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Wednesday, August 24, 2016

Things: The Battle Pass

I guess this could also be a "place" as well. But the place was the location of today's Prospect Park in Brooklyn, New York. And to complicate things more - it was known as the Flatbush Pass at the time. And it was the linchpin in the American outer defense ring on Long Island, a battle that unfolded during this week back in August 1776. The good news is you can still visit the Battle Pass as it is in 526 acre oasis in the sprawl of Brooklyn. This week is the anniversary of the events leading up to the critical Battle of Long Island - America's first battle as a nation. I thought a blog post on one aspect of this Revolutionary War battle fitting.

The Flatbush (Battle) Pass 1776


The Original Ground Zero 




The Flatbush Pass was the key terrain in the outer defenses on Long Island. Most of his troops were frantically digging a series of earth works and small redoubts from Wallabout Bay to the Gowanus Creek in an effort to shield the village of Brooklyn and the ferry point below the famed heights of that name. Recognizing British superiority in numbers and equipment, General George Washington counted on a Breed's Hill style defense that would bloody the British the way the rebel army did the previous year outside of Boston. Yet the advantages of holding the British at the "great Moraine" was too tantalizing. The moraine, known then as the Heights of Guan, was the southern extremity of the glacier from the last great ice age. When the glacier receded it left a slash of rugged terrain across the normally flat lands of Long Island that ran from southwest to northeast. Although it was only some 100 feet above sea level, the Heights of Guan formed a formidable barrier mitigated only by three passes. The central of these was the Flatbush Pass.



The Great Moraine dominated the terrain of Long Island



While the British executed a night envelopment via the Jamaica Pass to the east - the British commander in chief, General William Howe launched two holding attacks to pin the Americans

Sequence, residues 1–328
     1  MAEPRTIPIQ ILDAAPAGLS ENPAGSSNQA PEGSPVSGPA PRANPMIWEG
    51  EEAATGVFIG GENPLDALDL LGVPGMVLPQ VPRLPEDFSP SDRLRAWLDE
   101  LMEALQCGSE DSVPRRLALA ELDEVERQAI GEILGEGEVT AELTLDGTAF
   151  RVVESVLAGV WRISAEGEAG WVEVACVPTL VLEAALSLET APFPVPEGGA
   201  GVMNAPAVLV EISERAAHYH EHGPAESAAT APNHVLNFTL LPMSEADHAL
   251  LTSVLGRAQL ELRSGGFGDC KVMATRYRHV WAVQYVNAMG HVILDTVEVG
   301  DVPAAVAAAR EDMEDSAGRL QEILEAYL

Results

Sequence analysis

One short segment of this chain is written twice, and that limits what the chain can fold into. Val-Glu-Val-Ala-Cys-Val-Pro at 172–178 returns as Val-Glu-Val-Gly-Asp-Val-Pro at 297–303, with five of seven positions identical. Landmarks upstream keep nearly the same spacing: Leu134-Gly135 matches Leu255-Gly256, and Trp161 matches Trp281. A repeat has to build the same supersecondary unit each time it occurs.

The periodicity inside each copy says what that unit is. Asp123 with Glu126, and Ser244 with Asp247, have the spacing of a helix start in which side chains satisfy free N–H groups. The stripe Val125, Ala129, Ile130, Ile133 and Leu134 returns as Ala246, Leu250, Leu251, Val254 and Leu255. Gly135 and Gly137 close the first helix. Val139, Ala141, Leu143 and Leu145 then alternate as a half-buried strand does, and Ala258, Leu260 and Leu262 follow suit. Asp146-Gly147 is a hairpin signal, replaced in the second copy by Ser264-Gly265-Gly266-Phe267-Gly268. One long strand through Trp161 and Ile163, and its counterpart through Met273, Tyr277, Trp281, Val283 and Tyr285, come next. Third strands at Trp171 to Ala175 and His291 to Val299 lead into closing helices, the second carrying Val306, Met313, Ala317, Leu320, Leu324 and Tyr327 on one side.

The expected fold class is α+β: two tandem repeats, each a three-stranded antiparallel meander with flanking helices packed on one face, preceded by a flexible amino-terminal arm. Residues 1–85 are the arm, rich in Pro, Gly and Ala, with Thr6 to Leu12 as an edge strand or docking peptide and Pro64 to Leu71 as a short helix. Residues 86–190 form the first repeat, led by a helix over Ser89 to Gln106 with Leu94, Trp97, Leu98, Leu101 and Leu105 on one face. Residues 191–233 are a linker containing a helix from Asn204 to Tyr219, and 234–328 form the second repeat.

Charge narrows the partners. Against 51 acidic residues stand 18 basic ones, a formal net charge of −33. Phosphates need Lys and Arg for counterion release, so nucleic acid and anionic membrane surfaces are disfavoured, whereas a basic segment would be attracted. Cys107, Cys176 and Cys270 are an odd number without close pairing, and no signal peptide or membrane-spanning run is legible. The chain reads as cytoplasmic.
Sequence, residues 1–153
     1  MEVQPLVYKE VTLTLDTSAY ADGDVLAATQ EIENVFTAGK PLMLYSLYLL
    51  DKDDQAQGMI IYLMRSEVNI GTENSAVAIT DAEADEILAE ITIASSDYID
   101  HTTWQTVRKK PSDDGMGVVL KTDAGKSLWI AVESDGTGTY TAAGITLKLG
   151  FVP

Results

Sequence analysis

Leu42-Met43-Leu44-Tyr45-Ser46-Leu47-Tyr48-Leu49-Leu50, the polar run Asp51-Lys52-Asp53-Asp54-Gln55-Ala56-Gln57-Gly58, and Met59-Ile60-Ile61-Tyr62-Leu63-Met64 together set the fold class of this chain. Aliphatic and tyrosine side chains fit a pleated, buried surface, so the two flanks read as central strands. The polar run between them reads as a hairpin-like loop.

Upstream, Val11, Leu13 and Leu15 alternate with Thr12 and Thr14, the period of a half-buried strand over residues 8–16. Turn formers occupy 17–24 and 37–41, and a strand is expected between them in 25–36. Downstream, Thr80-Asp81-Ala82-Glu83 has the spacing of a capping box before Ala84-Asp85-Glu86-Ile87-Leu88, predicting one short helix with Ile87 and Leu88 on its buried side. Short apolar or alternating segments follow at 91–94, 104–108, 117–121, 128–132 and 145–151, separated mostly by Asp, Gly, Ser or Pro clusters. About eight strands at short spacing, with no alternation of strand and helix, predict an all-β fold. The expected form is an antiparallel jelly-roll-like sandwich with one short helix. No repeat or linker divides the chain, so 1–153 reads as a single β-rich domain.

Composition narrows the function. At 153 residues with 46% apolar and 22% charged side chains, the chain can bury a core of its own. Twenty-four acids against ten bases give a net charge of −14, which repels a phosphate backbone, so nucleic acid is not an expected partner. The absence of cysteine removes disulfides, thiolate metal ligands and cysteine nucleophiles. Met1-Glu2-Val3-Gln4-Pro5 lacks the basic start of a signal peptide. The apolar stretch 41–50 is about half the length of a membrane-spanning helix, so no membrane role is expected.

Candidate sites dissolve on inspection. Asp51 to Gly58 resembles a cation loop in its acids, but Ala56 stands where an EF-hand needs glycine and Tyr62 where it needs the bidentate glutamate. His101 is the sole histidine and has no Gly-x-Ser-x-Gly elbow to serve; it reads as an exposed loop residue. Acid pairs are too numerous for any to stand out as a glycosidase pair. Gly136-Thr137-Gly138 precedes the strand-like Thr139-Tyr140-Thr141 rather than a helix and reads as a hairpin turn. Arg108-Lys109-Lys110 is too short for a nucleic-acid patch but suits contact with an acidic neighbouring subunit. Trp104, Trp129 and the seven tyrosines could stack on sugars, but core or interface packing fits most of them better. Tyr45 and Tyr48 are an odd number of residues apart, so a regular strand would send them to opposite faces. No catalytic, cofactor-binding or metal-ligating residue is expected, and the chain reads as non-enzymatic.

defending the other two passes. One  of some 7,000 men under British General Grant struck near today's  Greenwood Cemetery in an attempt to force the Martense Road.


General von Heister 's force struck the
Flatbush Pass


But the center attack at Flatbush Pass all but made the British encirclement unnecessary. It consisted mostly of Hessians under the command of the German General Von Heister. The Hessians struck the pass. Realizing the situation was dire (in fact, hopeless), most of the some 1,500 American defenders abandoned their posts and headed for the safety of the main defenses near Brooklyn. The undaunted American commander at the pass, General John Sullivan tried to hold, but as panic ensued he and his men were forced to fight their way out. The overwhelming numbers of a determined enemy trapped him and his what remained of his force at Baker's Tavern ( near today's Fulton and Flatbush Avenue). The brave but headstrong  veteran of Boston and Quebec was cut off from his men and  became one of two generals captured on Long Island that fateful day.


American General John Sullivan captured
near the Flatbush Pass



The Place Today


Defenders on Long Island fought desperately against all odds


The site of the Battle Pass is just north of the Prospect Park Zoo.


Battle Pass Marker


The Maryland Monument still stands at the south central part of the park just between the Prospect Park Lake and Lookout Hill. The monument commemorates the gallant fight by the First Maryland Continental Line who gallantly fought the British against all odds. I will save the telling of the tale of the Maryland 400 for another post (actually I have already posted on it).



The Maryland Monument



Site of the Dongan Oak - a huge tree felled to block the Flatbush Pass



There is a Quaker Cemetery near Lookout Hill that dates back to the 17th century. The Lefferts Homestead was situated at Empire Boulevard and Flatbush Avenue. The original Dutch colonial farmhouse was accidentally burnt by the American defenders. The owner, Peter Lefferts, rebuilt the house  during the latter part of the war using some of the original wood.  In 1918, the family gave the residence to the city and it was moved to Prospect Park from its original sire at 563 Flatbush Avenue.


Restored Lefferts House



On a beautiful summer day, Prospect Park is filled with thousands of visitors walking, riding, visiting the zoo or languishing by the lake. As Brooklyn is in the throes of a sot of renaissance - the park and its lush greenery provide an ideal place to enjoy a little bit of nature. But almost none of today's visitors have any idea of the drama and tragedy that unfolded in the heart of their oasis.



Few visitors to Prospect Park today realize they are on Hallowed Ground








1 comment:

  1. Foster's,Meadow farm was home to my Greats Grandfather Christopher Foster and his brother. They refused to aide the British and were forced to evacuate to Connecticut. They lost everything. 660 acres of farmland

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